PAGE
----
Encouraging noises do no harm – but where's the real commitment?
David Cameron said all the right things on his flying visit to the North Devon Show last week, but I'm not sure if his emollient words are going to make a blind bit of difference to the way things pan out.
Take the badger cull, for example. The Prime Minister made much of having the political courage to tackle the wildlife reservoir of the disease and said he would be sticking to his guns.
Which is all well and good, except that it is not the Government which will be pulling the trigger. Responsibility for that has, very calculatedly, been devolved to the farming community, along with most of the costs and a good deal of the risk involved.
If the pilot culls succeed in removing 70% of the badgers in the six weeks or so allowed for the process, humanely and without undue public disorder, credit will belong to the two culling companies. Similarly, if the operation is rolled out to 10 more areas next year, as the Environment Secretary Owen Paterson would like, it will be because the farming community in each of those areas has organised itself and raised the funds to make it happen, probably with substantial assistance from the NFU.
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Against that background, I don't quite understand the NFU's complaints – articulated by Kevin Pearce in the WMN on Friday – that farmers are being expected to comply with all sorts of new controls on cattle movements while the Government does nothing to deal with the disease in badgers, when that isn't the Government's role.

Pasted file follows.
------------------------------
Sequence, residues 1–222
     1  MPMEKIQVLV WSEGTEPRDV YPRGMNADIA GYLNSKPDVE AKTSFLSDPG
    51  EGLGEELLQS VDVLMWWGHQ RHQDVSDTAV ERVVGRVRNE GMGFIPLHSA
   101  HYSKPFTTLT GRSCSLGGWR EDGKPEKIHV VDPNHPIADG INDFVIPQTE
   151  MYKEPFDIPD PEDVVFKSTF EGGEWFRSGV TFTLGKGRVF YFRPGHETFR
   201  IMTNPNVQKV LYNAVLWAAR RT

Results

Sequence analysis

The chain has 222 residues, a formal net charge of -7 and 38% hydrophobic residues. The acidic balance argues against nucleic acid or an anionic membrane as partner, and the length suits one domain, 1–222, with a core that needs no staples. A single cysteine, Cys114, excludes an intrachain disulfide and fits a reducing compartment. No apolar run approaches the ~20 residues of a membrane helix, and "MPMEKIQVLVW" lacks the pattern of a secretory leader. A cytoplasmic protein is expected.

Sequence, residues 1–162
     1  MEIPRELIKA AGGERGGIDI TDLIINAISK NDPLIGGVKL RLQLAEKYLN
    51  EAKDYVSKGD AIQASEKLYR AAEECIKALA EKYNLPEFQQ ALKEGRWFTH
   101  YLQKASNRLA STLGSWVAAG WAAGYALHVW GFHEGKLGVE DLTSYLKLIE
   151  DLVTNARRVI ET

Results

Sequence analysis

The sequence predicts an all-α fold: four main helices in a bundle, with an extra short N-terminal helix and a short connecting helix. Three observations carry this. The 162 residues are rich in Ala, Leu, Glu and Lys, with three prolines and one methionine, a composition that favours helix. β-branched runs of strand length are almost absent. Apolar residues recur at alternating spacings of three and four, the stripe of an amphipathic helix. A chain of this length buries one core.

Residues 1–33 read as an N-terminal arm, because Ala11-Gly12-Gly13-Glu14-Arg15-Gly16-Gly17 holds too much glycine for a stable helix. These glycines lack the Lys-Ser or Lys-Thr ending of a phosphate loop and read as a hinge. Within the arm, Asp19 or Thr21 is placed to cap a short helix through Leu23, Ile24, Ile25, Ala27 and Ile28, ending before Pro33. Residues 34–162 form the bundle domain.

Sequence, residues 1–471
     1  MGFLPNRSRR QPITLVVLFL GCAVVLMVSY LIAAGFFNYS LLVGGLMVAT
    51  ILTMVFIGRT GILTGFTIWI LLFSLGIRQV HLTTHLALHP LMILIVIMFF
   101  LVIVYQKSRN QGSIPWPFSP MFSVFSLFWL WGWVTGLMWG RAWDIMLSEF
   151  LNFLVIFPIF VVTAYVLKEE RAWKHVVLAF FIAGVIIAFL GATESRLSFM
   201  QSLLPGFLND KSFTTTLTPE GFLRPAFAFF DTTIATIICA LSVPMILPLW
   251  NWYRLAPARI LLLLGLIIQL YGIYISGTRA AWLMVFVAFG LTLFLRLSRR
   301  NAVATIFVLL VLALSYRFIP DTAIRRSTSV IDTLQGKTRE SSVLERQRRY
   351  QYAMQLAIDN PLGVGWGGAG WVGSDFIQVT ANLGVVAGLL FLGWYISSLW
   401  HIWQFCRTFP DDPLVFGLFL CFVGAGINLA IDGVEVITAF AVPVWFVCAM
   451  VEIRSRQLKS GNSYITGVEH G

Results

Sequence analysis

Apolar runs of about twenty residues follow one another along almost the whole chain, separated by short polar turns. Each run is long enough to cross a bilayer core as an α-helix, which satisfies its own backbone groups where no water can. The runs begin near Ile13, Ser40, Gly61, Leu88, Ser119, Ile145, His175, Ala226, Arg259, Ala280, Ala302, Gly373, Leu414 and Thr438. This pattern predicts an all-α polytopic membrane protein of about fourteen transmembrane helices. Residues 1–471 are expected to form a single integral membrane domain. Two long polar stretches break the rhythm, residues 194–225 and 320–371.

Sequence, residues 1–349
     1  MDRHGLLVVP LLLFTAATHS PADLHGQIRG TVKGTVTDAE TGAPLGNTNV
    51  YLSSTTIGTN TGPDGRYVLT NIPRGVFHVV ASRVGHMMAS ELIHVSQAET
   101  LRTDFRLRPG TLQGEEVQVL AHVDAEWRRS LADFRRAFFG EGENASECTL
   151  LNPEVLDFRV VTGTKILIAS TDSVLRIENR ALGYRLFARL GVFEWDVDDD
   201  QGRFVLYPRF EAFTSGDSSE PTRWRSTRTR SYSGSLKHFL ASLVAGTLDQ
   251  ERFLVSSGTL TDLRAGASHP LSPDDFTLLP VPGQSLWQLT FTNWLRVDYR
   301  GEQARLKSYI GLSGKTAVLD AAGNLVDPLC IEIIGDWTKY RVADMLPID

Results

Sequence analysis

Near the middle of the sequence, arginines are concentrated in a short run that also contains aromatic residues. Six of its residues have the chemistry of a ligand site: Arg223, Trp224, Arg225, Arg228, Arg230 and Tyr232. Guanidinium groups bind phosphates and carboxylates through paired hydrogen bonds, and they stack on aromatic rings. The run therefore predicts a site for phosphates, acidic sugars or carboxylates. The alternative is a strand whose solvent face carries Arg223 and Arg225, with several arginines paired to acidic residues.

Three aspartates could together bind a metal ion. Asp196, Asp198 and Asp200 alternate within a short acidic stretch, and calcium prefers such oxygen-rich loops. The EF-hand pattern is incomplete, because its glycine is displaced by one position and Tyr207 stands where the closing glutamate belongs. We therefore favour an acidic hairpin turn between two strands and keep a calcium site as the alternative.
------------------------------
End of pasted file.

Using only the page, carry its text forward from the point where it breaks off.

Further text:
It's no good blaming Messrs Cameron and Paterson for the delays. The timing is entirely in the hands of the culling companies, and knowing the individuals involved as I do, I'm sure they've got perfectly good reasons for holding off.
As for the nature of the culling process, about which many farmers are deeply sceptical, that too was pre-ordained by the so-called science and accepted by the NFU as part of the deal.
The alternative, of targeted culling, has never been properly assessed.
The situation as we have it now was all too horribly predictable. Farmers are being made to carry the can for a process in which they had little or no part in designing, in return for which they are being expected to shoulder costly and damaging controls on how they run their businesses. No wonder the Prime Minister and the Environment Secretary are happy to stand on the side-lines and cheer them on.
I am not quite so cynical about the Prime Minister's endorsement of farming as "the backbone of Britain" and "a growth industry". The Government has, after all, recently committed £160 million of research funding to an agri-tech strategy explicitly geared to productive farming. But, as was pointed out at the time, it hardly squares with the Government's intention to divert hundreds of millions from farming support to environmental management (although in PR terms, that could turn out to be a blessing in disguise).
Still, we mustn't carp unduly. It isn't often that a Prime Minister turns up at a one-day agricultural show in the Westcountry and, along with the visit to Mole Valley Farmers at South Molton, it does demonstrate that farming is still on the Cameron radar – particularly in marginal constituencies.
In the final analysis, both the success of the pilot badger culls and the future of the industry will be in the hands of farmers themselves. Encouraging noises from the Government do no harm in that context, but a genuine commitment to deregulation and a less one-sided approach to TB control would be a whole lot better.
Anthony Gibson is a freelance writer and may be contacted at firstname.lastname@example.org